Secretary of State of the United States last year Mike Pompeo scored in China He described it as “corrupt infrastructure deals in exchange for political influence” and the use of “bribe fuel fuel-trap diplomacy”.
Beijing dismissed his comments as “irresponsible”.
In a rare BBC interview, Chinese Ambassador to the Maldives Zhang Lizong also dismissed allegations that the Maldives was facing a debt trap as “a myth”.
“China has never imposed additional requirements on the Maldivian side or any other developing country, and they do not want to be accepted or against their will.”
Mr Zhang said Mr Nasheed’s $ 3 billion debt was “exaggerated”.
The Maldives is known as a picture-perfect tourist destination – but the archipelago is strategically located, with islands in the North Indian Ocean. Tens of thousands of oil tankers and ships pass through.
India and China have been vying for influence in the region for years.
Some argue that some major ticket infrastructure projects, such as the airport expansion, built with Chinese loans during Mr Yameen’s rule, have helped boost tourist arrivals in the Maldives. They point out that it is difficult to get money for projects from other international players.
“I think there was no other way at the time,” said Ali Hashim, governor of the Monetary Authority of the Maldives, which regulates its finance department, the island’s central bank.
He points out “other countries in the region and far [countries] The companies controlling the whole process were very reluctant to lend to the government as it was slowly being compromised.
These projects have boosted tourist arrivals in the country – last year they reached 1.7 million, earning more than $ 2 billion.
One of the main reasons for the growing tourism is that successive Maldivian governments have encouraged investment in the new islands.
Rules on foreign investment to build more resorts and hotels have been relaxed. Hundreds of millions of dollars were poured in from Indian, Thai and Chinese investors.
Mr Nasheed said he was concerned about Chinese investment in the Maldives and on several islands where resorts and hotels are being built with Chinese partners.
“It is very easy to see that these Maldivian partners do not have the necessary funds to be partners in such an endeavor, so the Chinese partners will not buy it at any time. As soon as I can see the islands going to them,” Mr Nasheed says.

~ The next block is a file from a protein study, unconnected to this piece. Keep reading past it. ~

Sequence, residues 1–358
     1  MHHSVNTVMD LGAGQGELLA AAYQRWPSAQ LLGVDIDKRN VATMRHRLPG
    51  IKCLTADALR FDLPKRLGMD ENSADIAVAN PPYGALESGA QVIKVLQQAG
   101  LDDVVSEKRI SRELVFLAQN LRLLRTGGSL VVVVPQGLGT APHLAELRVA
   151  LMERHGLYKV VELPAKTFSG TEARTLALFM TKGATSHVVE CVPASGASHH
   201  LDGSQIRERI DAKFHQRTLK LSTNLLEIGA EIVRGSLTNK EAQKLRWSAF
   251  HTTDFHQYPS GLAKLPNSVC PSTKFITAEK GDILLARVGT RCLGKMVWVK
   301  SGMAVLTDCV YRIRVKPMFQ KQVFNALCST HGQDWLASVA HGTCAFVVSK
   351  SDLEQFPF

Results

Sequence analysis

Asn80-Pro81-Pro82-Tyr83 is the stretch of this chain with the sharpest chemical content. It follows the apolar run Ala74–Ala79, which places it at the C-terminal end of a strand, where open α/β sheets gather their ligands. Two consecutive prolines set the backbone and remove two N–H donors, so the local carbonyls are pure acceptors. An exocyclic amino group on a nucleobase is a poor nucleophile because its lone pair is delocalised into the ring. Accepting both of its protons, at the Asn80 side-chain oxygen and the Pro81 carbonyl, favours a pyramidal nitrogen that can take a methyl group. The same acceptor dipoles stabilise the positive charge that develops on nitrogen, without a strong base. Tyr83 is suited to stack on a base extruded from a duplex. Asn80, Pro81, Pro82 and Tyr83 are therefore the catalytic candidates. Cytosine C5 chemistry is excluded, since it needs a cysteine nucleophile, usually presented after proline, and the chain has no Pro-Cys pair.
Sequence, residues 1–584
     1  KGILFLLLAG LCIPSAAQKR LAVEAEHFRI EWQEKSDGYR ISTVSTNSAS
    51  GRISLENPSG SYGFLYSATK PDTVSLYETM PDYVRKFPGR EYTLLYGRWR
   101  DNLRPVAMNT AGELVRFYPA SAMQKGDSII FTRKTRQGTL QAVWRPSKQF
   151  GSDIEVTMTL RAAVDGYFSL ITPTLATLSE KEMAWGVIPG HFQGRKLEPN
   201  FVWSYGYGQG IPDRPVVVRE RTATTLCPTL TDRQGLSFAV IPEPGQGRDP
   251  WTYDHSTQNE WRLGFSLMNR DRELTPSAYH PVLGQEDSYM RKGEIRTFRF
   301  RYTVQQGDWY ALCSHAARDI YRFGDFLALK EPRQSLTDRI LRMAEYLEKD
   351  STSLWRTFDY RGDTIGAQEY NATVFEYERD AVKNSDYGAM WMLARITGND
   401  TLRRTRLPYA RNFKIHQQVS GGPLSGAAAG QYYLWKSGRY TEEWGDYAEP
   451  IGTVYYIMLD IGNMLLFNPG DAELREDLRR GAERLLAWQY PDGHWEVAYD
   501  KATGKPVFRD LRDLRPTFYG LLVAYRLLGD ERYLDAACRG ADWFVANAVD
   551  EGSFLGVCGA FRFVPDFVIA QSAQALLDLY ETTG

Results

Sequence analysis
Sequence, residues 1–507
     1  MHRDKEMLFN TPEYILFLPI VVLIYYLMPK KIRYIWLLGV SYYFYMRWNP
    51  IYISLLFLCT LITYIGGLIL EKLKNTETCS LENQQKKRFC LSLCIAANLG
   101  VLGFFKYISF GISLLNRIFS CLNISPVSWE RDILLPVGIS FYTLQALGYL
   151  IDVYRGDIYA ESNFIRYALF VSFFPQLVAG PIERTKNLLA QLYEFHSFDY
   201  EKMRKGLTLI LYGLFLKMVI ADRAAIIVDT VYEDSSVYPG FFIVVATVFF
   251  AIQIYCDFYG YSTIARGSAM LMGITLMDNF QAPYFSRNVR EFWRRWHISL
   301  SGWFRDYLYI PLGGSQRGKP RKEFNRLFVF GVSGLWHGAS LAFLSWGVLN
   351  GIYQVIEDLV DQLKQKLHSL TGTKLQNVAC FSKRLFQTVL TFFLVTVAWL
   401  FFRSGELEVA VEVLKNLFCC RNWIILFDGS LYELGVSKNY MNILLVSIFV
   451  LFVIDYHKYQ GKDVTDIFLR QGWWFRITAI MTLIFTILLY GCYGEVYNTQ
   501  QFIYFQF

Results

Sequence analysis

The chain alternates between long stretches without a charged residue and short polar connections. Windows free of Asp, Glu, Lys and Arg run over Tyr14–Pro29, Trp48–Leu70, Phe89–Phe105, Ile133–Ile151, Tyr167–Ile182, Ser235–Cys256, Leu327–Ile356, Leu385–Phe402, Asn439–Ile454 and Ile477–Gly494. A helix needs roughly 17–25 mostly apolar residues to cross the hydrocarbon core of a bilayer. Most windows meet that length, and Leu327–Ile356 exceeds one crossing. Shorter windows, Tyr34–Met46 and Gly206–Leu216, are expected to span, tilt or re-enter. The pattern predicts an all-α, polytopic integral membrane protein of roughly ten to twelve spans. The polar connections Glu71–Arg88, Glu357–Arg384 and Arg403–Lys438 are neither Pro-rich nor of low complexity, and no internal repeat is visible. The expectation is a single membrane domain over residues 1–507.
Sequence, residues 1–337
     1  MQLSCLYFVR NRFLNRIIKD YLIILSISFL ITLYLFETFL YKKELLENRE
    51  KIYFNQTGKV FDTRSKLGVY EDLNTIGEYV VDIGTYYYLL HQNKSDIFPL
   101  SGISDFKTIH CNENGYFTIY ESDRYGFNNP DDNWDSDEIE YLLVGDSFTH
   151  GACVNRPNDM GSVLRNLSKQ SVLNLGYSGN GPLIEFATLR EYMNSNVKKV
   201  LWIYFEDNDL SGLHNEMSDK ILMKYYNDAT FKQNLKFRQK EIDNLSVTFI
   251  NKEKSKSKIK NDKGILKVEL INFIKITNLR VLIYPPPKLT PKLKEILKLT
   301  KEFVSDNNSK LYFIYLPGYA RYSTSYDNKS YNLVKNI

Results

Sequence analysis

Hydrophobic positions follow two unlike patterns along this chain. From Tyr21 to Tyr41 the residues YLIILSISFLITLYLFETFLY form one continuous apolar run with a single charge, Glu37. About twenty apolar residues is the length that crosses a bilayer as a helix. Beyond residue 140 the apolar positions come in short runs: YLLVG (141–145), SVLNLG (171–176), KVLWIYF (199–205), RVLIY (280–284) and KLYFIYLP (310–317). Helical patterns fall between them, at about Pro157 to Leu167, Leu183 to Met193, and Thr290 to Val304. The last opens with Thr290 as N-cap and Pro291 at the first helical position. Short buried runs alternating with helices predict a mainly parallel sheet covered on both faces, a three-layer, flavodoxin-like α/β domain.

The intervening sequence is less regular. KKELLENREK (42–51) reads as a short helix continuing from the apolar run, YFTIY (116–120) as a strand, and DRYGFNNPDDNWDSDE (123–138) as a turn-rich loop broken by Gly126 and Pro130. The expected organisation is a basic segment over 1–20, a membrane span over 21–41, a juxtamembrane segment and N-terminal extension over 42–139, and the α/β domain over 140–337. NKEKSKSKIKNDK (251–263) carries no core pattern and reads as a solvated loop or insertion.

But Ambassador Zhang denies this, arguing that the investments are purely commercial.
“Mr Speaker should not get the right information,” he says. “We have not attached any preconditions for the loans. It will not happen, it will not happen.”
Former President Abdullah Yameen’s People’s National Congress has also spoken out strongly against Mr Nasheed’s allegations, calling them “unsubstantiated fears.”
“Not a single island was given to the Chinese,” said Mohammed Hussein Sharif, the party’s vice president.
Late last year Mr Yameen was sentenced to five years in prison on money laundering charges. His party described it as a political ploy.
- China unveils $ 124 billion global trade plan
- Sri Lankan leader on a trip to China
Debt fears are not limited to the Maldives. Other countries in Asia are also reviewing mega projects funded under China’s Belt and Road initiative.
Last year, after a change of government, Malaysia renegotiated a Chinese-funded railway project, cutting costs by a third to $ 11 billion.
In 2018, Myanmar reviewed a multi-billion dollar deep-sea port project funded by China and cut three-quarters of the original cost in fear of not being able to repay the debt.
The Maldives is not Malaysia or Myanmar, and its bargaining power is limited.
It relies heavily on tourism, which has been hit hard by the corona virus outbreak. By the end of June, foreign tourist arrivals had dropped by 55%. Estimates suggest that if the epidemic continues, the country could lose more than a third of its tourism revenue this year, more than $ 700 million.
Male officials say Beijing has agreed to partially suspend debt repayment due to the epidemic.
But it is an unnamed financial area for the Maldives to believe that its debt does not mortgage its future.